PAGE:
Judicial notice can be taken of the fact that in October of 1987 the Metropolitan Police Department formed a Drug Interdiction Unit, from which it deploys squads of officers on assignment at the bus and train stations in Washington to observe, confront, question, detain, search, and arrest people whom they initially identify as suspicious. These officers have developed a routine whereby they (1) identify a suspicious individual by noting a combination of characteristics about the person, his appearance, and his actions which lead them reasonably to suspect that the individual may be involved in criminal activity; (2) encounter
the suspect, one as questioner, one or more positioning themselves as back-up; (3) commence a series of questions leading up to a request to search the suspect's belongings if the officer's suspicions continue, or to a cessation of questioning if his suspicions are allayed; and (4) arrest the suspect if the officer finds drugs, or cease contact if no drugs are uncovered. An officer's use of this prescribed routine on an individual is triggered by a police judgment, which is informed by observation, experience and expertise. At issue in this case is the judgment made to encounter the defendant and thereby trigger the routine, or, in the alternative, the entire process initiated by that judgment, culminating in the search and formal arrest of defendant.
In Terry v. Ohio, 392 U.S. 1, 20 L. Ed. 2d 889, 88 S. Ct. 1868 (1968), where an officer observed three men who appeared to be "casing" a store for a robbery and then approached them for questioning and frisked them, the Supreme Court identified "the initiation of police action" as conduct that implicates constitutional scrutiny. The Court stated:
There is some suggestion in the use of such terms as "stop" and "frisk" that such police conduct is outside the purview of the Fourth Amendment because neither action rises to the level of a "search" or "seizure" within the meaning of the Constitution. We emphatically reject this notion.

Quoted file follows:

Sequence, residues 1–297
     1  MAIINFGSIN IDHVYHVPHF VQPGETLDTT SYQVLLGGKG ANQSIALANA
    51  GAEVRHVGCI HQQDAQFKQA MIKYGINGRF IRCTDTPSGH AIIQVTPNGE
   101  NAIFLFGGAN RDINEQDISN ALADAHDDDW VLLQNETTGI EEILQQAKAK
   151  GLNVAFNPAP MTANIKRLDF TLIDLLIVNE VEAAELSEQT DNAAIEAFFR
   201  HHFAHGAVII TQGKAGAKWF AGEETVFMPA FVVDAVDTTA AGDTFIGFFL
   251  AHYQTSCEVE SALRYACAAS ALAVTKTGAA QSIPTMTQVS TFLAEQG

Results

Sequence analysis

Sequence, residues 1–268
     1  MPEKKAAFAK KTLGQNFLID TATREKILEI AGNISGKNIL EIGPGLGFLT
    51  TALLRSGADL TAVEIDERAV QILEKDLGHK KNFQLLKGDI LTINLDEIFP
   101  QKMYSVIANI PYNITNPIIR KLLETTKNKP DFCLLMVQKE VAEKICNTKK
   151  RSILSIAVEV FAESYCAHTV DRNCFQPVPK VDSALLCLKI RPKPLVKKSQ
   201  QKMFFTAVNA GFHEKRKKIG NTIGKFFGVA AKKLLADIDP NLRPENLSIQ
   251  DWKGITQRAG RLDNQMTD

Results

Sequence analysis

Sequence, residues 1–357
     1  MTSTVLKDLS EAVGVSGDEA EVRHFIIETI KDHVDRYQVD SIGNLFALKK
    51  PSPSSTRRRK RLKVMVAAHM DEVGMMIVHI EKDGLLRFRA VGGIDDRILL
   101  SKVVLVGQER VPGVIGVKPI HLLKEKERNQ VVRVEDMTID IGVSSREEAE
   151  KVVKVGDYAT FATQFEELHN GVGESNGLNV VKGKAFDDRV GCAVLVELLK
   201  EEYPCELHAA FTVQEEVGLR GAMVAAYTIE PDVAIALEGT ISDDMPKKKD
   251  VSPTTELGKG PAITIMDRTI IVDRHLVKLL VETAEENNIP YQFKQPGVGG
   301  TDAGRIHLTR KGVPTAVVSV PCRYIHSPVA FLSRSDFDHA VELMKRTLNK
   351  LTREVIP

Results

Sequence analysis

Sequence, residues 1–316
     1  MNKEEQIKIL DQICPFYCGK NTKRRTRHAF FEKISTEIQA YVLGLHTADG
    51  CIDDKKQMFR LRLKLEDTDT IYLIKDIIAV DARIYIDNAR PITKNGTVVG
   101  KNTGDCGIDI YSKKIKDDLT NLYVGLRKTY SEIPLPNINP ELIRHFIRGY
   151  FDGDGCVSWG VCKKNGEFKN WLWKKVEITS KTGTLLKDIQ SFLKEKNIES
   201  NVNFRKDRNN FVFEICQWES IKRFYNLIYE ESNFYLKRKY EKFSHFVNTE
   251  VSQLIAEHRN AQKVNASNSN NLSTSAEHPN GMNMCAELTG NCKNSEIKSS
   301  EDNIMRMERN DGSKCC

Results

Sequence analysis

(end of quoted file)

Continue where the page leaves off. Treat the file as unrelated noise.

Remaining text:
Id. at 16 (emphasis added). The Court continued:
The danger in the logic which proceeds upon distinctions between a "stop" and an "arrest," or "seizure" of the person . . . is twofold. It seeks to isolate from constitutional scrutiny the initial stages of the contact between the policeman and the citizen. And by suggesting a rigid all-or-nothing model of justification and regulation under the Amendment, it obscures the utility of limitations upon the scope, as well as the initiation, of police action as a means of constitutional regulation.
Id. at 17 (emphasis added). In United States v. Sokolow, 490 U.S. 1, 57 U.S.L.W. 4401, 104 L. Ed. 2d 1, 109 S. Ct. 1581 (1989), Drug Enforcement Administration agents stopped a defendant upon his arrival at the Honolulu International Airport, knowing, inter alia, that (1) he paid $ 2,100 for two airline tickets from a roll of $ 20 bills; (2) he traveled under a name that did not match the name under which his telephone number was listed; (3) his original destination was Miami, a source city for illicit drugs; (4) he stayed in Miami for only 48 hours, even though a round-trip flight from Honolulu to Miami takes 20 hours; (5) he appeared nervous during his trip; and (6) ...